The problem with purity pledges
Purity pledges are commitments made by teenagers (most commonly females), who vow to refrain from sexual intercourse 'til marriage.
Most common in the US, the first official program True Love Waits, started in 1993. More than 2.5 million have made a pledge through the program world-wide, spurring a number of similar sites.
In America 'purity pledges' haven't just become a way of getting teenagers to 'save themselves for marriage', but a booming business.
A plethora of purity paraphernalia is available: purity rings, certificates, ball gowns and purity balls, books, DVDs and scriptures.
Interestingly, this patriarchal practice is gaining popularity here.
Sophie Jenkins, a bible college student from Oakden, Adelaide, decided to take a 'purity pledge' at 13.
"I knew I wanted to save myself for my husband, so my father suggested a purity ceremony," explains Sophie, now 19.
Sophie's father is a youth minister and her mother is a retired Sunday school teacher, so her chaste decision comes as little surprise. "I was raised in the house of God. From an early age my siblings and I were taught the sanctity of marriage as a precious union between two people."
Sophie and her father chose a set of vows from a popular website, which they swapped in a ceremony in front of family and friends.
"I choose before God to war for my daughter's purity," Sophie's father vowed. "I acknowledge myself as the authority and protector of my daughter's virginity and pledge to be a man of integrity as I lead, guide, and pray over my daughter and her virginity, as the high priest of my home."
Sophie responded to his pledge with: "I pledge my purity to my father, my future husband and my creator. I recognise that virginity is my most precious gift to offer to my future husband. I will not engage in sexual activity of any kind before marriage but will keep my thoughts and my body pure, as a very special present for the one I marry."
Purity pledges within the church are more common than we think. "Lots of my friends at college and church think it's a great idea and have taken their own versions of the pledge," says Sophie.
Sophie admitted to having two boyfriends, but has never kissed, hugged or touched another man in a sexual way. "The most I've ever done is hold hands and I won't cave to impure thoughts or actions until the day I commit to my husband," says Jenkins.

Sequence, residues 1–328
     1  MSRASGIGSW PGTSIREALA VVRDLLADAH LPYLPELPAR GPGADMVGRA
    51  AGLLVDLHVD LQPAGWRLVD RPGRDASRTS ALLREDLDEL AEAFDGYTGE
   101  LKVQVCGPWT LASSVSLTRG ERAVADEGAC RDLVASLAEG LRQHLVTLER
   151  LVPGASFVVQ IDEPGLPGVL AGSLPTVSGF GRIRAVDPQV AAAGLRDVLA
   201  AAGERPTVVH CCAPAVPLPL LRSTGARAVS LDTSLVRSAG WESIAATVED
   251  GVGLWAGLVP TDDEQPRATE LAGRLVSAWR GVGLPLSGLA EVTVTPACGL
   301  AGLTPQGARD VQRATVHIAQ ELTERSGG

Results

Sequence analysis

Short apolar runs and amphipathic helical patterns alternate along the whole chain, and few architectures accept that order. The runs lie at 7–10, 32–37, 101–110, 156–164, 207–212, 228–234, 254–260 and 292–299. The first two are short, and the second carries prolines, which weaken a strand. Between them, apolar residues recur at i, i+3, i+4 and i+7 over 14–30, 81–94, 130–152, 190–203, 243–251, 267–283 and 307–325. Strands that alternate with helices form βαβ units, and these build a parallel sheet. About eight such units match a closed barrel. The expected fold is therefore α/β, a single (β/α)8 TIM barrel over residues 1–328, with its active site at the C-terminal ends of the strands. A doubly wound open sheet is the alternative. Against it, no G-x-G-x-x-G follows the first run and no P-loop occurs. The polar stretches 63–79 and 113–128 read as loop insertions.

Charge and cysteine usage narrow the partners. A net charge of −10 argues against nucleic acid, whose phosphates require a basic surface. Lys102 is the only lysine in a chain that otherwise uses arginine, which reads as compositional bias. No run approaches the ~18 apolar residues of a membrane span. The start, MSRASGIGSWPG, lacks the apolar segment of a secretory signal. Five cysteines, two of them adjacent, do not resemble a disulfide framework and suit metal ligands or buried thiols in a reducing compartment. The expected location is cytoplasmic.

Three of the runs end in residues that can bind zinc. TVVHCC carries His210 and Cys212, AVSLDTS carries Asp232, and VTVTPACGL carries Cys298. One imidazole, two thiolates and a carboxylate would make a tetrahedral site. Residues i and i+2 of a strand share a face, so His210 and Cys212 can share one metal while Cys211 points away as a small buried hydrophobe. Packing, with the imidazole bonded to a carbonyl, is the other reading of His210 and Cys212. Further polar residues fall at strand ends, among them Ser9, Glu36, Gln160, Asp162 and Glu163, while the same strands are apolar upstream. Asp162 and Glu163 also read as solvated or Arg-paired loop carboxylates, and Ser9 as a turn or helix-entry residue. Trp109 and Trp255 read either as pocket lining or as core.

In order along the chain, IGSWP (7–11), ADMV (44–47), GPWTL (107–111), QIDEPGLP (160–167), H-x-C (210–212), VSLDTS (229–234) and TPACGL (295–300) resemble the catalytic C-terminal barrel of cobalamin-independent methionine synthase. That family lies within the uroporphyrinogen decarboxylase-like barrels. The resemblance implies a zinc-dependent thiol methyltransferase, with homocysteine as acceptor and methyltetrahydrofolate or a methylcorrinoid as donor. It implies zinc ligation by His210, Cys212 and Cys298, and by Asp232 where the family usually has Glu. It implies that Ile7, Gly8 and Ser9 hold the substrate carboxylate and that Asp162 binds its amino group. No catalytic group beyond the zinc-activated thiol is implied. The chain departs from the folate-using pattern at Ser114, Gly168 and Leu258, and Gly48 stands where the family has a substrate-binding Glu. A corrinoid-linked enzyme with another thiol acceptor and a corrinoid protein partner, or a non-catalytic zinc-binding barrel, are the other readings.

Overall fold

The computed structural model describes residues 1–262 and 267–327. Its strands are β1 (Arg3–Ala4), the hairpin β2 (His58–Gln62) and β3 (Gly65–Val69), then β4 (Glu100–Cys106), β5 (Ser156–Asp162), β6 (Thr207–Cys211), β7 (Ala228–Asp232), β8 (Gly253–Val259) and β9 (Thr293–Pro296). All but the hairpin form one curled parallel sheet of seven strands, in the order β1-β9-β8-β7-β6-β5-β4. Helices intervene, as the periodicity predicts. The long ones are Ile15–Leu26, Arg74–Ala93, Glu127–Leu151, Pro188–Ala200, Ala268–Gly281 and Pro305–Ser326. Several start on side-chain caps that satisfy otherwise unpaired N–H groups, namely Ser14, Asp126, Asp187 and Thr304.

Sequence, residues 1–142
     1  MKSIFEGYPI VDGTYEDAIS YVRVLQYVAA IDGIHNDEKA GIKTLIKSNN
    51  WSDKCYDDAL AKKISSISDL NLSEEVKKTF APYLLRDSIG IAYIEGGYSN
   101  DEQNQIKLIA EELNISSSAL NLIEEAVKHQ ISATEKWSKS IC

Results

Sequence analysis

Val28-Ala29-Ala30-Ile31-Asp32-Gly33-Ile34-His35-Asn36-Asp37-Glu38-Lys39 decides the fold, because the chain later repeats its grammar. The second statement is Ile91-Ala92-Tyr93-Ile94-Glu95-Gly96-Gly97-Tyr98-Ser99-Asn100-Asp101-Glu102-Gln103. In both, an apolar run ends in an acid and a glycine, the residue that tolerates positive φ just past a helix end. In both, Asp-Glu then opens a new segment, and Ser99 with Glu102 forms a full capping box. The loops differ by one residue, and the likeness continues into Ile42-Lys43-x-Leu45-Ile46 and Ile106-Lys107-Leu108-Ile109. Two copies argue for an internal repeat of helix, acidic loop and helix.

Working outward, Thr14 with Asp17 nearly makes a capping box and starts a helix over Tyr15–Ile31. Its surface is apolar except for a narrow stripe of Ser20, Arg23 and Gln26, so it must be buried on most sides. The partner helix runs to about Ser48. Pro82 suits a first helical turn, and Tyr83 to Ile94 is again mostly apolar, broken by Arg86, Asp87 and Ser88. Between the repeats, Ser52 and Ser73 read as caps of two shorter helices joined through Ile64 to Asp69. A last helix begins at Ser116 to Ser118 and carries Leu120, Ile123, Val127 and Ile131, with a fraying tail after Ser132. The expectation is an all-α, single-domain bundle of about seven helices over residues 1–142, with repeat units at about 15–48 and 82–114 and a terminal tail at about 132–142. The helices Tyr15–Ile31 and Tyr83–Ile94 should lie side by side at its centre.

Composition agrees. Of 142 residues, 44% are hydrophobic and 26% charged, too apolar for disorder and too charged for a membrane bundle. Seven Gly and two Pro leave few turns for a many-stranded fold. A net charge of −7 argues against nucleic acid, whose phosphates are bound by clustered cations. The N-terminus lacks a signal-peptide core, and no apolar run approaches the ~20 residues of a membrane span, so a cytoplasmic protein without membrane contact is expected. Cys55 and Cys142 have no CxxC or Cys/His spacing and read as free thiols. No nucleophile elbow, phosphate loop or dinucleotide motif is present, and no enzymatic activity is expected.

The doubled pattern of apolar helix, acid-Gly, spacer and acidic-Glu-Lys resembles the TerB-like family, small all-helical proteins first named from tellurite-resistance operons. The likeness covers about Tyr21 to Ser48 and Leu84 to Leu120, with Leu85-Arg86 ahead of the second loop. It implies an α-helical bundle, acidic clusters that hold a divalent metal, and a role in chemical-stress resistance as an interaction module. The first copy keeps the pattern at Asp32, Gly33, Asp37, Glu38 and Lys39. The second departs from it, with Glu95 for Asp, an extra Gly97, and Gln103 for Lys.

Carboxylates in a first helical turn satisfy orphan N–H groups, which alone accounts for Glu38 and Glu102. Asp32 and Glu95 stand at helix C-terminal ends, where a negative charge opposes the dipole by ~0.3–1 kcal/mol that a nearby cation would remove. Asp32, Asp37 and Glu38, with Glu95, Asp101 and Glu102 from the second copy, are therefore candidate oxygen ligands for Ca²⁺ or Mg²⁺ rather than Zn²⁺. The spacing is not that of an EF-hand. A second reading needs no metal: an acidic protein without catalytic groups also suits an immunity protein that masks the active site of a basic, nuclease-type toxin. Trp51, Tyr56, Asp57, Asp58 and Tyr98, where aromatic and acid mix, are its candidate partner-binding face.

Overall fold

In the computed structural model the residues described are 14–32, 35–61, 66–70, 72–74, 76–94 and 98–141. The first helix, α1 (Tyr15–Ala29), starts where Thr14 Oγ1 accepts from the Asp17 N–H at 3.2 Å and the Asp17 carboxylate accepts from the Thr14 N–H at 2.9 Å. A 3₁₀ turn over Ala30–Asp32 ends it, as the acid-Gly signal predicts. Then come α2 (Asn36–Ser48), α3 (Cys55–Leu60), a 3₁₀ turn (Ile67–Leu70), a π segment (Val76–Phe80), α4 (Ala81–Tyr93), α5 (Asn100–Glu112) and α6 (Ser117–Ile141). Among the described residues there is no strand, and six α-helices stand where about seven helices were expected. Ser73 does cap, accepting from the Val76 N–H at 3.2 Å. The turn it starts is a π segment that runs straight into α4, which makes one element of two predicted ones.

While we live in a country where women have the freedom to make their own sexual choices, do purity pledges perpetuate an unhealthy ideal of a woman's virginity?
There is nothing wrong with young women making a conscious choice to have sex at an appropriate age or wanting to wait till she finds a man she feels worthy of her.
However, shouldn't 13-year-olds be listening to One Direction or drooling over Taylor Lautner, instead of taking a vow they cannot possibly fully understand?
Setting aside the moral and religious arguments on premarital sex, are there any definitive pros and cons to purity pledges?
Janet Rosenbaum of Bloomberg School of Public Health conducted a study asking "Does taking a vow to abstain from sex alter sexual behaviour?"
Rosenbaum discovered the following:
Five years after the taking the pledge, 82 per cent of pledge-takers denied having ever pledged and pledge-taking teens were more likely to make riskier sexual choices and have unprotected sex when they did have sex.
Pledge-takers are more likely to be young, female and from religious families.
Pledge-takers had fewer past-year partners but did not differ in lifetime sexual partners and age of first-time sex.
Fewer pledge-takers used birth control and condoms in the past year and birth control during their last sexual activity, than non-pledgers.
Pledge-takers are less likely to protect themselves from pregnancy and disease before marriage.
Rosenbaum warned that, "by focusing on virginity pledges, parents, churches and sex educators may not only be wasting resources, but may actually be causing harm as well".
The study concluded that taking a virginity pledge is at best ineffective and may even be dangerous for the health of those who break their pledge.
The key is education, if teens are properly educated on the physical and emotional risks of sexual activities regardless of when it takes place, surely that's the most important factor in ensuring the right decisions are made, unwanted pregnancies are avoided and the risk of contracting STIs lowered.
When it comes to the Purity Pledge is it irresponsible, wrong or downright damaging of parents, schools and churches to not provide sufficient information for teens to make educated choices?
What kind of message are we sending to young women, when they grow up in an environment believing that their untouched vagina is the only thing of worth they have to offer a man?
Sydney Morning Herald